4. Give Plenty of Policy Change Notice - It seems the more notice to inmates and staff the smoother the transition. More than once I was told that South Carolina expected problems in going totally tobacco-free but that there was so much advance notice that everyone had plenty of time to mentally prepare. I've read the same thing in a couple of policy change news stories.
5. Put Our Materials to Work Today - Why wait on some future policy change date when department annual health spending can be reduced today by assisting inmates and employees in learning to live nicotine-free lives? We invite you to review our free program materials linked below and consider putting them to work.
Free Program Materials
Although my passport is in order and I can think of no more rewarding way to spend my time than assisting inmates and correctional officers in breaking nicotine's grip upon their mind and life, as I've shared with the SCDC, all of our materials are freely available online and can be immediately put to work for the benefit of inmates, officers and staff.
Our only requirements are that our materials never be used to endorse any product or service, that they be made freely available to the end user without charge, cost or requests for donations, and that all existing copyrights remain in place. Here are a few key links to materials we hope your institution will consider making available. Let us know if you have any additional questions about their use. I (John R. Polito) can be reached at firstname.lastname@example.org or +1 (843) 797-3234 (U.S. EST) or you can contact Joel Spitzer at email@example.com or +1 (847) 328-7229 (U.S. CST).
1. Inmate Nicotine Cessation Tips - a six-page PDF handout of basic quitting tips that when printed front and back requires just three sheets of paper.I would recommend printing a copy for each inmate, correctional officer and staff member with a history of tobacco use.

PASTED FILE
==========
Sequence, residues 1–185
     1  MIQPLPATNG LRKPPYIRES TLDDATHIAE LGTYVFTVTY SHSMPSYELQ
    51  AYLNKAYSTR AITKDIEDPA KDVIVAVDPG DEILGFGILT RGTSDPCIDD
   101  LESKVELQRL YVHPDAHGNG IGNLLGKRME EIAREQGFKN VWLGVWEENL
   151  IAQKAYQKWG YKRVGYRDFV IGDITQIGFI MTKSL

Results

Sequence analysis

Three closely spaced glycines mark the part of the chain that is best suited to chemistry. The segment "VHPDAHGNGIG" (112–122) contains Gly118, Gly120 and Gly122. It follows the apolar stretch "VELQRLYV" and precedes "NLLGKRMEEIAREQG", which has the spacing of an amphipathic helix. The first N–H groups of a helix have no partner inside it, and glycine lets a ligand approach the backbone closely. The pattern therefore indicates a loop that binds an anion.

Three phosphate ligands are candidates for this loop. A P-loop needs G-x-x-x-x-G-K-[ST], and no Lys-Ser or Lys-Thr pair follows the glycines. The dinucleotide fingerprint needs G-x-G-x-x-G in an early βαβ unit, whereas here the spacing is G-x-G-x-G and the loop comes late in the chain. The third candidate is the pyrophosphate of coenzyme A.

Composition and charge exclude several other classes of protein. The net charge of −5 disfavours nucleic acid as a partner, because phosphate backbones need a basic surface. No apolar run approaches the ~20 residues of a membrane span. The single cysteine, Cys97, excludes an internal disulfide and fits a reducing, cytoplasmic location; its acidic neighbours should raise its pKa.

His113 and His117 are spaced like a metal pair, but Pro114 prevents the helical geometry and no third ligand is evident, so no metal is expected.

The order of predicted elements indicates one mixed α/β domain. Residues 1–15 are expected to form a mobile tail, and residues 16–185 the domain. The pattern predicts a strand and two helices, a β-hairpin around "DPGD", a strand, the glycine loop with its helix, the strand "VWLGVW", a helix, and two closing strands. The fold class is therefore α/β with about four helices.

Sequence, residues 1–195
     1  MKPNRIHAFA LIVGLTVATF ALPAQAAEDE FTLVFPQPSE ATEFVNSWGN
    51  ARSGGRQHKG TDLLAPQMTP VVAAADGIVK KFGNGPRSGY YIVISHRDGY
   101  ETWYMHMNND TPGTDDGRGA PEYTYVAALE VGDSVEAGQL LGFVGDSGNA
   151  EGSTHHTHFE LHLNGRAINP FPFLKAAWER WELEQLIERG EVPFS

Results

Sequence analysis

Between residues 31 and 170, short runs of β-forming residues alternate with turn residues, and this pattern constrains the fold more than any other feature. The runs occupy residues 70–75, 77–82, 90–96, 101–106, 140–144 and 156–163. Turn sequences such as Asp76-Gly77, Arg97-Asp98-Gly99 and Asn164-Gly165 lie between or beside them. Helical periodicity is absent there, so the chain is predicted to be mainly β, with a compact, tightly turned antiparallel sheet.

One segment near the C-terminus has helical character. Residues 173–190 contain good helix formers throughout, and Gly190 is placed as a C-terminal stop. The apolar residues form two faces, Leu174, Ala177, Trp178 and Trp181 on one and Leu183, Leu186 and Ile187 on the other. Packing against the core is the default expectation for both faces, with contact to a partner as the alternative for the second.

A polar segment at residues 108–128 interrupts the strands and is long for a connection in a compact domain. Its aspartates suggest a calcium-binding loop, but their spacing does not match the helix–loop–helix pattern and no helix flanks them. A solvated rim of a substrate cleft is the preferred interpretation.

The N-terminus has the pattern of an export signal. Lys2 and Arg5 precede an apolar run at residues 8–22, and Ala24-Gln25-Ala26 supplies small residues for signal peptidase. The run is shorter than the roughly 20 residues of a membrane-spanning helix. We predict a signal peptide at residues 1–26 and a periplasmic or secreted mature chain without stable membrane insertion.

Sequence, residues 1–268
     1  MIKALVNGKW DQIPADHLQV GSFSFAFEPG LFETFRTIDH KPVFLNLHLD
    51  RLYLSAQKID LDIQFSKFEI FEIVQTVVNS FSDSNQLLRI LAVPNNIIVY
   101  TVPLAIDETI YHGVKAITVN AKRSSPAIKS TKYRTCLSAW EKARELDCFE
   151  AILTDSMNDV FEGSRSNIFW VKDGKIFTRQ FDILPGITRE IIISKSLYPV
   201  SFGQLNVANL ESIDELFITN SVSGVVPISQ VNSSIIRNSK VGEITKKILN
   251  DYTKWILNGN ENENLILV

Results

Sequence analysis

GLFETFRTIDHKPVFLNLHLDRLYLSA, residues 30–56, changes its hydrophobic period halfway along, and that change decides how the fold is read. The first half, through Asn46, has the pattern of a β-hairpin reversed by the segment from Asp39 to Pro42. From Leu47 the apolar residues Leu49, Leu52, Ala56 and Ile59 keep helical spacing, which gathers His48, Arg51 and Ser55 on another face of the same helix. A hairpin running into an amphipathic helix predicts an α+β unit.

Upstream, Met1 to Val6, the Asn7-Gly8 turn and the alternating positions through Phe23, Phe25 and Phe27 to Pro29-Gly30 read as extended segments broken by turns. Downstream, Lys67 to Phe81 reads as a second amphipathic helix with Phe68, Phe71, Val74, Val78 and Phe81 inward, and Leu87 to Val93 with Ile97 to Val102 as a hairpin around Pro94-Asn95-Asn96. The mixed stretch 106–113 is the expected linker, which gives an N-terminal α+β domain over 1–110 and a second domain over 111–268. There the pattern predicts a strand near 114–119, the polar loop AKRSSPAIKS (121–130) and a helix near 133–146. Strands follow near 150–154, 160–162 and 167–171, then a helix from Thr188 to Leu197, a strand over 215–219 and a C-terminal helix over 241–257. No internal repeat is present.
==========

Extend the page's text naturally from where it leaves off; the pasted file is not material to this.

2. Never Take Another Puff - this popular free PDF quit smoking book by Joel Spitzer celebrated its one millionth Internet download on 08/16/07. It is an outstanding resource containing more than 90 short quitting articles on almost every cessation topic imaginable, and provides a solid foundation for building a lasting recovery. I'd recommend that a healthy supply of copies be printed and kept in the prison library, that one copy be maintained in each pod, wing, module or cell block, and that a supply be printed and made available for correctional officers and staff.
3. Video Quitting Lessons - Joel Spitzer has recorded more than 60 short video quitting lessons that allow you to bring the Internet's most popular nicotine cessation educator into your prison library or educational center. You are free to download and use as few or as many as you deem best. Your media expert can reformat them to play in any format you desire, either individually or continuously. They'd be a great addition to your intake facility waiting area, in helping new arrivals adjust to freedom from cigarettes, tobacco and/or nicotine.
4. WhyQuit.com, Freedom and AskJoel - Although inmates do not normally have Internet access, these three resources are available to correctional officers, staff and their loved ones, and can also be used to download, print and share additional materials with inmates.
According to Google, since late 2000 WhyQuit has been the Internet's leading cold turkey quitting destination, the cessation method responsible for generating nearly 90% of all successful long-term ex-smokers. It is loaded with empowering motivational stories that help put the challenges of cessation into perspective.
Freedom is a free education oriented 5,000 member peer support forum where you will find more than 200,000 member messages indexed on subject matter message boards ranging from how to navigate the first 72 hours to relapse prevention. This Nicotine Cessation Topic Index link features a few hundred of the forum's more popular threads.
AskJoel is free question and answer forum where correctional officers and staff can turn to pose cessation questions directly to Joel Spitzer and his team.
1. U.S. Environmental Protection Agency, Setting the Record Straight: Secondhand Smoke is a Preventable Health Risk, http://www.epa.gov/smokefree/pubs/strsfs.html, last updated August 23, 2007